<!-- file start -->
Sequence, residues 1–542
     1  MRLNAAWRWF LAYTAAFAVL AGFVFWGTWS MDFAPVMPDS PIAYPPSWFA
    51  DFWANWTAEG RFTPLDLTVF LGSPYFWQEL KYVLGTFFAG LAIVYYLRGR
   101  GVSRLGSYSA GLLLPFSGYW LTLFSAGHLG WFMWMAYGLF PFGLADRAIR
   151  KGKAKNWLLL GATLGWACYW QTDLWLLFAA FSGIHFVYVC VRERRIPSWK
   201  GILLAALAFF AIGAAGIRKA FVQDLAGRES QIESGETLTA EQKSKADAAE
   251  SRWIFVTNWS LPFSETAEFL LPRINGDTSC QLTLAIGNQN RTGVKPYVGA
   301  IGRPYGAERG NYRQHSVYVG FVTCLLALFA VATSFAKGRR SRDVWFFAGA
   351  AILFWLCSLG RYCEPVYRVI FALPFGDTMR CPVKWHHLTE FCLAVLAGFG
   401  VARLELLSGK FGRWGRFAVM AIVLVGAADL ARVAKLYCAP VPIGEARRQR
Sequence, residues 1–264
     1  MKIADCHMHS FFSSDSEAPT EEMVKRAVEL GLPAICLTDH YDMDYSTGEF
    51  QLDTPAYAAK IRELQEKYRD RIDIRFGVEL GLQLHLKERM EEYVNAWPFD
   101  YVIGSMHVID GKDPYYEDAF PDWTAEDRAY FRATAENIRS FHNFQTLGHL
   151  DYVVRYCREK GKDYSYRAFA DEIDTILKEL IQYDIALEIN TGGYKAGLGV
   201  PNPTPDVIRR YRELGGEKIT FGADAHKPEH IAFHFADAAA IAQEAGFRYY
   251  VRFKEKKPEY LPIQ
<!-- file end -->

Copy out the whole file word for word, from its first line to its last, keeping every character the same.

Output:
Sequence, residues 1–542
     1  MRLNAAWRWF LAYTAAFAVL AGFVFWGTWS MDFAPVMPDS PIAYPPSWFA
    51  DFWANWTAEG RFTPLDLTVF LGSPYFWQEL KYVLGTFFAG LAIVYYLRGR
   101  GVSRLGSYSA GLLLPFSGYW LTLFSAGHLG WFMWMAYGLF PFGLADRAIR
   151  KGKAKNWLLL GATLGWACYW QTDLWLLFAA FSGIHFVYVC VRERRIPSWK
   201  GILLAALAFF AIGAAGIRKA FVQDLAGRES QIESGETLTA EQKSKADAAE
   251  SRWIFVTNWS LPFSETAEFL LPRINGDTSC QLTLAIGNQN RTGVKPYVGA
   301  IGRPYGAERG NYRQHSVYVG FVTCLLALFA VATSFAKGRR SRDVWFFAGA
   351  AILFWLCSLG RYCEPVYRVI FALPFGDTMR CPVKWHHLTE FCLAVLAGFG
   401  VARLELLSGK FGRWGRFAVM AIVLVGAADL ARVAKLYCAP VPIGEARRQR
Sequence, residues 1–264
     1  MKIADCHMHS FFSSDSEAPT EEMVKRAVEL GLPAICLTDH YDMDYSTGEF
    51  QLDTPAYAAK IRELQEKYRD RIDIRFGVEL GLQLHLKERM EEYVNAWPFD
   101  YVIGSMHVID GKDPYYEDAF PDWTAEDRAY FRATAENIRS FHNFQTLGHL
   151  DYVVRYCREK GKDYSYRAFA DEIDTILKEL IQYDIALEIN TGGYKAGLGV
   201  PNPTPDVIRR YRELGGEKIT FGADAHKPEH IAFHFADAAA IAQEAGFRYY
   251  VRFKEKKPEY LPIQ